In a village of La Mancha, the name of which I have no desire to call to mind, there lived not long since one of those gentlemen that keep a lance in the lance-rack, an old buckler, a lean hack, and a greyhound for coursing.
Thus begins the most prized jewel of Castilian literature, “Don Quijote de la Mncha”, published in its second edition in the year 1615 by Miguel de Cervantes Saavedra.
A novel which has conquered the entire world, and is perhaps, with the Bible, the work most often translated. Its characters have truly become universal personifications: Don Quijote, the idealist and the dreamer; Sancho Panza, his loyal companion, practical and somewhat a fatalist.
Joaquín Rodrigo composed the symphonic poem Ausencias de Ducinea to commemorate the 400th anniversary of the birth of Miguel de Cervantes Saavedra, and the work was premiered in Madrid on April 19th, 1948 by the National Orchestra of Spain, conducted by Eduardo Toldrá. Shortly later it was awarded the Cervantes Prize.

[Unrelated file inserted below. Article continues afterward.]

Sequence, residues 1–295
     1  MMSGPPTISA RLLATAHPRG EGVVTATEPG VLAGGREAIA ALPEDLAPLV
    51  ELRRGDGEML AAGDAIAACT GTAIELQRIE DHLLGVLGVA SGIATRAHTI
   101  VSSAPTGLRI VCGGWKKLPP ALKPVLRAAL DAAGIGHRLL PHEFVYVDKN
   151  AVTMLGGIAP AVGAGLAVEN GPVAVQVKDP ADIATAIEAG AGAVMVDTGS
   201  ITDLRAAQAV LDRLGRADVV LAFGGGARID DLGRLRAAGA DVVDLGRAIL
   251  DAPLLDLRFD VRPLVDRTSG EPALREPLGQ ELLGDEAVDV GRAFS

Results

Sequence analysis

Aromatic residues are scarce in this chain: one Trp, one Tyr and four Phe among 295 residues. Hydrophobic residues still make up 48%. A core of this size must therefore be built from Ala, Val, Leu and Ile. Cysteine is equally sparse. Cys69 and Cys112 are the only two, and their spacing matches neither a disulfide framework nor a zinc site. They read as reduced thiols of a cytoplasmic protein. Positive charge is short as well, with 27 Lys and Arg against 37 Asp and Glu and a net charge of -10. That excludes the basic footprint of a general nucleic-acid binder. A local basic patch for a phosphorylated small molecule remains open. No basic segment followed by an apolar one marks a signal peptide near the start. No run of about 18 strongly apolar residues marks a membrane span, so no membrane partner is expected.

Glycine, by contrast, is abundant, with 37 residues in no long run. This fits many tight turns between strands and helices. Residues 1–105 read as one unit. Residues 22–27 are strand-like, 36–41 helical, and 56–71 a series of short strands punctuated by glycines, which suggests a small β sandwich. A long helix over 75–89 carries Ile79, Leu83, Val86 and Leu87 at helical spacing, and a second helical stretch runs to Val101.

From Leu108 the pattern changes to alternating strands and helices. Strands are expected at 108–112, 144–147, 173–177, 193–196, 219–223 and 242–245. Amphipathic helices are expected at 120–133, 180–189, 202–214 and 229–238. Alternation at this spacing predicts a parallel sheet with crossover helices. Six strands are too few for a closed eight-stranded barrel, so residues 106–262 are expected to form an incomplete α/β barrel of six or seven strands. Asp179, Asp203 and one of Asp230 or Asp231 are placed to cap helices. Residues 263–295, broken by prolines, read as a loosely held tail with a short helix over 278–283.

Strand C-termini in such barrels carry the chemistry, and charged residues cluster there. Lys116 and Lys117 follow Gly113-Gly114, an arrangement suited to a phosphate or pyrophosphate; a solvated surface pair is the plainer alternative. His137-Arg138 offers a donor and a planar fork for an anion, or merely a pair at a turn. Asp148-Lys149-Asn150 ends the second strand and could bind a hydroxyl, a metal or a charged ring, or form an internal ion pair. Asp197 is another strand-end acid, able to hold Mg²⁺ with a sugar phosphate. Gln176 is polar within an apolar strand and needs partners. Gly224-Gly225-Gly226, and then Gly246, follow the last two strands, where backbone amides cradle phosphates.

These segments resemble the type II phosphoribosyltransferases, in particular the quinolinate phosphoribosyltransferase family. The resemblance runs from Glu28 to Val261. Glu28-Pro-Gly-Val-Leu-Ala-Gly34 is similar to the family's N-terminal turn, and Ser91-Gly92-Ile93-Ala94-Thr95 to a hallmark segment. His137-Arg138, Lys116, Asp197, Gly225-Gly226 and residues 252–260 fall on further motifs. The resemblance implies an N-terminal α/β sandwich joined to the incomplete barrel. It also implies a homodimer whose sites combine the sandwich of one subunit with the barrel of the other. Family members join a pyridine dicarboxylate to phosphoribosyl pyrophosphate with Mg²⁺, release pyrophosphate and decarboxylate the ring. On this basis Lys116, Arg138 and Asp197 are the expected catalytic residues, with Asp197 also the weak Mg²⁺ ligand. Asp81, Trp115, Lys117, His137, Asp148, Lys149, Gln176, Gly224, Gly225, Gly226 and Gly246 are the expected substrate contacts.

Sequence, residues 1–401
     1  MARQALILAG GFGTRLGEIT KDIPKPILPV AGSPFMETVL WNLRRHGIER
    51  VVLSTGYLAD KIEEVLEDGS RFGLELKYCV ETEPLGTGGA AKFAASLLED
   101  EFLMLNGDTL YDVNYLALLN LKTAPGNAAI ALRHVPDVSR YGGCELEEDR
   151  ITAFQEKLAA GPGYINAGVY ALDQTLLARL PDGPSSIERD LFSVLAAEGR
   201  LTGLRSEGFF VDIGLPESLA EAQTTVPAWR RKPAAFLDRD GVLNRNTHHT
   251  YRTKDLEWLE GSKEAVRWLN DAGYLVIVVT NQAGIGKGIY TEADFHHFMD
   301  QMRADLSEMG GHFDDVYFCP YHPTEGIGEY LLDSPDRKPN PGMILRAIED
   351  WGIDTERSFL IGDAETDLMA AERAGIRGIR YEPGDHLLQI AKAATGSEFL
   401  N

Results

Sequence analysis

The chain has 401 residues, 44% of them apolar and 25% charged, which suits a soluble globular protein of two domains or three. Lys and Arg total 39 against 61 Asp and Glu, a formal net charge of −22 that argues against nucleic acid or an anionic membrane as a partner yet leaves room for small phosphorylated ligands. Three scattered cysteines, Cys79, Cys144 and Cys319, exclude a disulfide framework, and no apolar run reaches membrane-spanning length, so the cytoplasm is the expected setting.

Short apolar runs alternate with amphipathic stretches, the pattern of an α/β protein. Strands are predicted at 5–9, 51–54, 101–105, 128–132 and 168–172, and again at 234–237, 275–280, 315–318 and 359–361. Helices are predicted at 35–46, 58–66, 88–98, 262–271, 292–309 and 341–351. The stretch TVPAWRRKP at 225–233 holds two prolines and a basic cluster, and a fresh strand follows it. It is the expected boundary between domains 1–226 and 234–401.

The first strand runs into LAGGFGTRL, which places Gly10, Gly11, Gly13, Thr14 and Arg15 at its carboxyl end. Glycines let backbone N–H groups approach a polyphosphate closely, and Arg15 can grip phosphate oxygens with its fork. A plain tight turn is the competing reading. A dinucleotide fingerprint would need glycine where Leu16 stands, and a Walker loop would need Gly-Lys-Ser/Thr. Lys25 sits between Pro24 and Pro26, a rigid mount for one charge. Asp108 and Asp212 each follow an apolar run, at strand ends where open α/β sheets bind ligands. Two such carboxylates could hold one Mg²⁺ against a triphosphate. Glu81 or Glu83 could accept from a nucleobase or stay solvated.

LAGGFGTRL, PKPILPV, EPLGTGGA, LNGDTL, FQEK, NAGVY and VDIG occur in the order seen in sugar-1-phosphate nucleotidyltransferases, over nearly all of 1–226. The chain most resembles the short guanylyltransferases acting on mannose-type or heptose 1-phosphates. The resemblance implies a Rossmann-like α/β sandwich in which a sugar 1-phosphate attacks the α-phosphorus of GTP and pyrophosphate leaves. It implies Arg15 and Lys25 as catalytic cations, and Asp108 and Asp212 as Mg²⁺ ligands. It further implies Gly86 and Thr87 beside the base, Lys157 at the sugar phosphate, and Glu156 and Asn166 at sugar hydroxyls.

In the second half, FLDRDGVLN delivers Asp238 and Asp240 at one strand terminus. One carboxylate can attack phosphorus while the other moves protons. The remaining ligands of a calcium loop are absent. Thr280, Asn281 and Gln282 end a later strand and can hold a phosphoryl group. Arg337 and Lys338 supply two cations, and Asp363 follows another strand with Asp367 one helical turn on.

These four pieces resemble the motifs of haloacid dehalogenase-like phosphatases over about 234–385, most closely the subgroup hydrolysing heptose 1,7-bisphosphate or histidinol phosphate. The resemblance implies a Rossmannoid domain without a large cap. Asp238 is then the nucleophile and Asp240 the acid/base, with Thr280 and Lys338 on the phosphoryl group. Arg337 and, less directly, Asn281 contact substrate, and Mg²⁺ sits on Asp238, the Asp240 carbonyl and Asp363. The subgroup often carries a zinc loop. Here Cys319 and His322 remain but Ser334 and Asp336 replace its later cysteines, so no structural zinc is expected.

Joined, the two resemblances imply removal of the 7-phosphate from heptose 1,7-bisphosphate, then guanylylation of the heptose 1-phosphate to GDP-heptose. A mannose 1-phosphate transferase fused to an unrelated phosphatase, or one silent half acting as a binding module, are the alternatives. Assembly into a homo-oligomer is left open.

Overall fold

The composer presented his work with the following words:
ABSENCES OF DULCINEA
I should like to have you hear first a work which was inspired by “Don Quijote de la Mancha”j. Many works have been written on this theme; I shall name only that one which opens a new path in Spanish music: “El Retablo de Maese Pedro” by Manuel de Falla. After this work, we Spanish musicians began to seek in an older tradition, to find inspiration in Castilian music of the 16th century. The work which you are about to hear is a kind of poem for bass, four sopranos, and orchestra. It was inspired by the verses written by Don Quijote in Sierra Morena. The verses are, at times, exalted and grandiloquent; at times comic, if not grotesque. Each of the three verses, into which the poem is divided, ends with an invocation to Dulcinea del Toboso. It is then that, as in an obsessión, the voice of Dulcinea is heard coming fromg the four cardinal directions, always repeating the name of Dulcinea. The music follows the incidents of the literary poem, and abounds in chivalric accents and suggestions of ballads; the style is clearly of madrigal origin.